Shortly before the release of Cécile McLorin Salvant’s debut Mack Avenue album WomanChild, critic Ben Ratliff made a bold prediction in the pages of the New York Times. McLorin Salvant, he claimed, “is still mostly unknown to jazz audiences”—then added: “though not for much longer.” And so it was.
In 2014, she won 4 categories in the Down Beat Critics Poll: Jazz Album of the Year, Female Vocalist, Rising Star–Jazz Artist, and Rising Star–Female Vocalist. Furthermore, four out of five of her albums have received a Grammy nomination and three of them (For one to love, Dreams and Daggers and The Window) won the Grammy Award for Best Vocal Album in 2016, 2018 and 2019 respectively. And she doesn’t seem to stop here.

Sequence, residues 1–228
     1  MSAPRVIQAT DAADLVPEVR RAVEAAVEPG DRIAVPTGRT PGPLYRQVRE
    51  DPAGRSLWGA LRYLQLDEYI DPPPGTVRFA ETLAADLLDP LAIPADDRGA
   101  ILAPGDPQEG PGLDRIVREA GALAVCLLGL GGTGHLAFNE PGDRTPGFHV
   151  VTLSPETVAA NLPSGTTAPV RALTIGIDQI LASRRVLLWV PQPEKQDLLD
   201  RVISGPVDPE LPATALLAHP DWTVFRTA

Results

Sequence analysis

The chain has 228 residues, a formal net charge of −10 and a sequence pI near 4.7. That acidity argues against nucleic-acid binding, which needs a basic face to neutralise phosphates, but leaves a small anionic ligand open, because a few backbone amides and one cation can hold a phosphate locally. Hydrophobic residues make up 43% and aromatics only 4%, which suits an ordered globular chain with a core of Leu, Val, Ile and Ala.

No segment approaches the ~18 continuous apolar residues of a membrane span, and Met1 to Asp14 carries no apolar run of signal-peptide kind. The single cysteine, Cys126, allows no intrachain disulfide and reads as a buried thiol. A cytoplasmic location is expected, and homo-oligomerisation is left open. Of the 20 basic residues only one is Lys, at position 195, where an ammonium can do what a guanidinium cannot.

The musical universe that Salvant manages to create combines jazz and blues, with elements of folk and musical theatre. She has this very special ability to understand the complexity and the monumental past of the genre, but also the potential it has and the directions that can be explored nowadays, as noticed by Pitchfork contributor Stephen M. Deusner when describing her latest album, The Window.
“Among Salvant’s most distinguishing artistic traits is how she makes those tonal shifts not just exciting but meaningful. Her craft is undeniable, but built into her craft is the freshness of encountering each tune as though for the first time, figuring it out in the moment from one note to the next”, he adds.